Night vision is used to to enhance sight in the dark. Most instances use a combination of two approaches: Enhanced spectral range, and enhanced intensity range. Enhanced spectral range is where the viewer is sensitive to light beyond what would be considered normal by a human observer. Human vision is confined to a very small portion of the electromagnetic spectrum which is considered light. This allows the viewer to take advantage of additional sources of light, or make more effective use of the available sources of light.
Enhanced intensity range is simply the ability to see with very small quantities of light. Although the human visual system can, in theory, detect single photons under ideal conditions the neurological noise filters limit sensitivity to where a few tens of photons are required even in ideal conditions Some animals have achieved improved night vision evolutionarily though the use of a larger optical aperture, improved retina composition which can detect weaker light over a larger spectral range, more photoefficent optics in the eye, and improved neurological filtering which is more tolerant of noise.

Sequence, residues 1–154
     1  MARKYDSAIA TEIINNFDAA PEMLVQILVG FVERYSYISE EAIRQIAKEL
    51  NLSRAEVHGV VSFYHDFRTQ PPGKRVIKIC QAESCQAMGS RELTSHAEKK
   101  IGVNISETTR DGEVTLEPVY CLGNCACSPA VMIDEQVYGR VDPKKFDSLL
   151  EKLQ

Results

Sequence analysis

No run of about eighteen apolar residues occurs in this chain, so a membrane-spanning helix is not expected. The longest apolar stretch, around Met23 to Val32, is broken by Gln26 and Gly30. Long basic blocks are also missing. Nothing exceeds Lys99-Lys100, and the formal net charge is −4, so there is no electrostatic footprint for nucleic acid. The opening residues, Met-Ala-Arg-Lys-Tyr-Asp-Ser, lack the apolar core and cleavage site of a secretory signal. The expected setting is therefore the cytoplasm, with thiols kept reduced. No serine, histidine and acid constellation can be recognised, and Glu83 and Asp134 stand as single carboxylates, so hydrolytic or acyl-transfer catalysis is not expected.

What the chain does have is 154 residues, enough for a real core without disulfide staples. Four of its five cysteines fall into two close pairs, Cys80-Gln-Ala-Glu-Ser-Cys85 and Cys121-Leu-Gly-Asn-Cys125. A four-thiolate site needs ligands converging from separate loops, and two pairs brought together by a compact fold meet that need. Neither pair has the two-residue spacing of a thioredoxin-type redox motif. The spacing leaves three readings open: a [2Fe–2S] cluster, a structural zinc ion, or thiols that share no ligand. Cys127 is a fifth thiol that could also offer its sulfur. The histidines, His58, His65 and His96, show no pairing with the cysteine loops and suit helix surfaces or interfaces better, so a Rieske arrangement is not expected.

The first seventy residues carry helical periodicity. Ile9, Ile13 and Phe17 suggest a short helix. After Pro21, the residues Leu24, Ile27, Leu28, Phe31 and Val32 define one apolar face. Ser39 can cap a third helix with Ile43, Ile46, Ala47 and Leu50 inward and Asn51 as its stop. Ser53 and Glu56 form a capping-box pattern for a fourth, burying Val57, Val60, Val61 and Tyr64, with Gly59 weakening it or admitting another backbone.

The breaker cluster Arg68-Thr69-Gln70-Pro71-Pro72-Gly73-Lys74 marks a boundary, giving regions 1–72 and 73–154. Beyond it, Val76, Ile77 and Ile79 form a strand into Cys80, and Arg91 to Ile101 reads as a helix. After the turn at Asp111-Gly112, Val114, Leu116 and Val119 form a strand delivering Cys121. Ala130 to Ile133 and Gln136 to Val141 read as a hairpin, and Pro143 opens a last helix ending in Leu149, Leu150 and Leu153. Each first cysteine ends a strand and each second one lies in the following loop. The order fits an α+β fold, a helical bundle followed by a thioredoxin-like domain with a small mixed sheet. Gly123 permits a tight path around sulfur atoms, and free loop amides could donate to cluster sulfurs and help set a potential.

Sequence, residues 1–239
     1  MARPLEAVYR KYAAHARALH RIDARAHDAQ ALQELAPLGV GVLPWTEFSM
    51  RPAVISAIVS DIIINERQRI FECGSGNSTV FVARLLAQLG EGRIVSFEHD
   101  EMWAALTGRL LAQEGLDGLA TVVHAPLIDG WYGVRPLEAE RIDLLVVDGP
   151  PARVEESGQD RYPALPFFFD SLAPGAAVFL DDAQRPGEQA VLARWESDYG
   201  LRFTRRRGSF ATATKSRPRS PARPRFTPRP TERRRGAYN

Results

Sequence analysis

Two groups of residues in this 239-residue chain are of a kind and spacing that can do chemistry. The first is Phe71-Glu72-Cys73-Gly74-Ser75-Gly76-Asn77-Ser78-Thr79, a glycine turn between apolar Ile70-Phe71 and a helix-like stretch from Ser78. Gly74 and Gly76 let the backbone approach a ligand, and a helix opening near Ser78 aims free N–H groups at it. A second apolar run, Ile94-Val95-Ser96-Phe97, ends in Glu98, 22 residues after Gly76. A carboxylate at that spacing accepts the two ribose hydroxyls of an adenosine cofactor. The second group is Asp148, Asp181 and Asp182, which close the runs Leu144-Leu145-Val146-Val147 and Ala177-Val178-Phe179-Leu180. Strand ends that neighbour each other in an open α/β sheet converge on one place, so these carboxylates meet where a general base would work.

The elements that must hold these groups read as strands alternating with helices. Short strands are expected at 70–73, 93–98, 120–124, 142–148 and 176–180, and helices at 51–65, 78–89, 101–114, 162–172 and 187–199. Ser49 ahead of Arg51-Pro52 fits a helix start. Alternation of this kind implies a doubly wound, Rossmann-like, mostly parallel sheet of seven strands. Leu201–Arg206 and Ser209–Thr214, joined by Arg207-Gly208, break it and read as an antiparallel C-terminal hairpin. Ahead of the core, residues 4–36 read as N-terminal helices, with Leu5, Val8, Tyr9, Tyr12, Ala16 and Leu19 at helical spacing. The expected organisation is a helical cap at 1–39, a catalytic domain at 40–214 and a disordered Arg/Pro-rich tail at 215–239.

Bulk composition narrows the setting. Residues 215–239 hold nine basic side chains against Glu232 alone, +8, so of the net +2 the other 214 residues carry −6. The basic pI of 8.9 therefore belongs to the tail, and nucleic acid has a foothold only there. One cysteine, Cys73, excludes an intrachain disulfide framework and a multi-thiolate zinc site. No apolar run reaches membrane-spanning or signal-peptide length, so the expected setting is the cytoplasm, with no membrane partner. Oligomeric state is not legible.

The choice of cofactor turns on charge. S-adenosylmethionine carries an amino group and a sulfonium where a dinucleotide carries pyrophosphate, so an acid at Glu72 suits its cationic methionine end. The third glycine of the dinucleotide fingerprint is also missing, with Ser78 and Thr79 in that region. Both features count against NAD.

In biological night vision, rhodopsin in the rods of the eye breaks as light hits it. The peak rhodopsin build up time for optimal night vision in humans is 30 minutes. Rhodopsin in the human rods isn't sensitive to the longer red wavelengths of light, so many people use red light to preserve night vision as it will not deplete the eye's rhodopsin stores in the rods and instead is viewed by the cones.